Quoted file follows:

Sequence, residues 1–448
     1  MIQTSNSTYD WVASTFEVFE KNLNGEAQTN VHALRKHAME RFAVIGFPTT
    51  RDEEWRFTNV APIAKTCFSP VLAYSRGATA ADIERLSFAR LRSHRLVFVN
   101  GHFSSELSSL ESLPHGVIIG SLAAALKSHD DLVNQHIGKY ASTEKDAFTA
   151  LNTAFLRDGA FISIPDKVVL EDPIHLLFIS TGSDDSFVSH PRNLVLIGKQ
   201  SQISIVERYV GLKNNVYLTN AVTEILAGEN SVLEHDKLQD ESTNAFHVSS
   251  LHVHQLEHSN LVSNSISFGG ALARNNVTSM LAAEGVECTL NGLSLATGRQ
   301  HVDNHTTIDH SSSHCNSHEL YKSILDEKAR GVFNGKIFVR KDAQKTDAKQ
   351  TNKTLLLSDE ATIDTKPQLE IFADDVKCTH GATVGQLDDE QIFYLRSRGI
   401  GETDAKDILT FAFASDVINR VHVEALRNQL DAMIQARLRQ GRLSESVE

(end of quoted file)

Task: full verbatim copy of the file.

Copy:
Sequence, residues 1–448
     1  MIQTSNSTYD WVASTFEVFE KNLNGEAQTN VHALRKHAME RFAVIGFPTT
    51  RDEEWRFTNV APIAKTCFSP VLAYSRGATA ADIERLSFAR LRSHRLVFVN
   101  GHFSSELSSL ESLPHGVIIG SLAAALKSHD DLVNQHIGKY ASTEKDAFTA
   151  LNTAFLRDGA FISIPDKVVL EDPIHLLFIS TGSDDSFVSH PRNLVLIGKQ
   201  SQISIVERYV GLKNNVYLTN AVTEILAGEN SVLEHDKLQD ESTNAFHVSS
   251  LHVHQLEHSN LVSNSISFGG ALARNNVTSM LAAEGVECTL NGLSLATGRQ
   301  HVDNHTTIDH SSSHCNSHEL YKSILDEKAR GVFNGKIFVR KDAQKTDAKQ
   351  TNKTLLLSDE ATIDTKPQLE IFADDVKCTH GATVGQLDDE QIFYLRSRGI
   401  GETDAKDILT FAFASDVINR VHVEALRNQL DAMIQARLRQ GRLSESVE